Johann Baptist Metz once spoke of the Gospel stories of Jesus as “dangerous memories.” Today’s Gospel is one of them. On the surface it may seem quaint because its revolutionary impact has been weakened over time. But, in first century Palestine Jesus’ followers and farmers – people of the land, would have gotten the point.
The Kingdom of God is like a mustard seed – small and seemingly insignificant. But, once it’s been sown, or even just scattered on the ground, it can take root and grow rapidly, spreading over everything indiscriminately (like kudzu in the South!). No self-respecting farmer would plant a mustard seed! Actually planting mustard in enclosed garden plots or near fields of grain was prohibited, and eventually prohibited in all of Jewish-held Judea and the region of Galilee. Mustard also threw purity boundaries into confusion because it spreads indiscriminately thereby violating the prohibition against planting two kinds of seed in the same field. So the mustard shrub becomes an agent of confusion and a source of uncleanness.
So, again how can this troublesome weed be an image of the Kingdom of God? Perhaps because the Kingdom of God will take root no matter how small and insignificant its beginning is, and it will grow and spread anywhere and everywhere. And once this shrub has grown it spreads and branches out, and becomes a resting place or home to the birds of the air, and so much more. Jesus couldn’t come right out and say all this, and challenge the authorities of the day. So he spoke in parables.
About the first part of this Gospel passage – scattering seed and letting it grow day and night. This puts me in mind of Pope Francis. I feel like he has been scattering seeds by various actions and comments he makes regarding controversial issues. Sometimes I wish he would speak more definitively and actually change Church law. But, maybe he’s planting the seeds which will eventually, slowly bear fruit and bring forth a harvest of justice for the Church and the world. I remember the late Richard McBrien saying at Notre Dame that the Church is still in its infancy, still becoming. We’re not there yet. Jesus planted lots of seeds and they are still growing slowly, day and night – just not ripe yet.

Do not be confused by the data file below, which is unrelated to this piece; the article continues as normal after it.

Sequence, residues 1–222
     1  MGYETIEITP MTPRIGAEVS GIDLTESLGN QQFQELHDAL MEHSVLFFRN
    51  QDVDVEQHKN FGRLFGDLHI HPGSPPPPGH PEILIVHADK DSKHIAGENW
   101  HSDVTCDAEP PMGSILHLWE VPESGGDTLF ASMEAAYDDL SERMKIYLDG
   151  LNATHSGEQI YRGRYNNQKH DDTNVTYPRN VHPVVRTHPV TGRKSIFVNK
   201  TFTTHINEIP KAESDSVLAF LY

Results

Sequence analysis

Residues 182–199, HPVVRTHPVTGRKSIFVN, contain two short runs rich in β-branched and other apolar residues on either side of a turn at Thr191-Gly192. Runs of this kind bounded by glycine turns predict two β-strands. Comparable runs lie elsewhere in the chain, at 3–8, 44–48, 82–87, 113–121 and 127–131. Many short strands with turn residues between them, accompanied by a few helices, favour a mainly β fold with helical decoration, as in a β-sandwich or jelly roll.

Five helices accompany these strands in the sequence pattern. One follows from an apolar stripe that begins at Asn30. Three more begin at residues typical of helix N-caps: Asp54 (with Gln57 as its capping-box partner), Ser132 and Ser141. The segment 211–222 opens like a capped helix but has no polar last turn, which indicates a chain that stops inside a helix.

And what about us? Who has planted seeds in our lives that have brought about surprising results? Or an abundant harvest? What new seeds are being planted in us now? Just as patience is needed when planting a garden – we need to be patient with ourselves, and one another as new seeds take root in us.
Today’s parables call us to trust that God is still working in us, slowly day and night. Seen and unseen. Bidden or unbidden. We just have to allow it and hopefully recognize it, and be grateful for it.
-S. Rosemary Riggie
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